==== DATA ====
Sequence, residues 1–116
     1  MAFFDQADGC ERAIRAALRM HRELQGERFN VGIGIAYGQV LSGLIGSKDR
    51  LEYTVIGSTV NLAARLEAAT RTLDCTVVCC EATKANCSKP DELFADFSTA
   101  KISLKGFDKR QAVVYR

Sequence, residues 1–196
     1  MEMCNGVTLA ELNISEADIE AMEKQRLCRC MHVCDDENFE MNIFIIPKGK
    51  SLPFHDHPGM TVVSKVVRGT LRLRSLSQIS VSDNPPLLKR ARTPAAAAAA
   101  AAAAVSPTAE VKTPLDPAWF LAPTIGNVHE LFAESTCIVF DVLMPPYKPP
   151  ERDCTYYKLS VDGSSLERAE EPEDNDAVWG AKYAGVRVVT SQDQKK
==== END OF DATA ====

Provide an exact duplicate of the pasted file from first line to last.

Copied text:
Sequence, residues 1–116
     1  MAFFDQADGC ERAIRAALRM HRELQGERFN VGIGIAYGQV LSGLIGSKDR
    51  LEYTVIGSTV NLAARLEAAT RTLDCTVVCC EATKANCSKP DELFADFSTA
   101  KISLKGFDKR QAVVYR

Sequence, residues 1–196
     1  MEMCNGVTLA ELNISEADIE AMEKQRLCRC MHVCDDENFE MNIFIIPKGK
    51  SLPFHDHPGM TVVSKVVRGT LRLRSLSQIS VSDNPPLLKR ARTPAAAAAA
   101  AAAAVSPTAE VKTPLDPAWF LAPTIGNVHE LFAESTCIVF DVLMPPYKPP
   151  ERDCTYYKLS VDGSSLERAE EPEDNDAVWG AKYAGVRVVT SQDQKK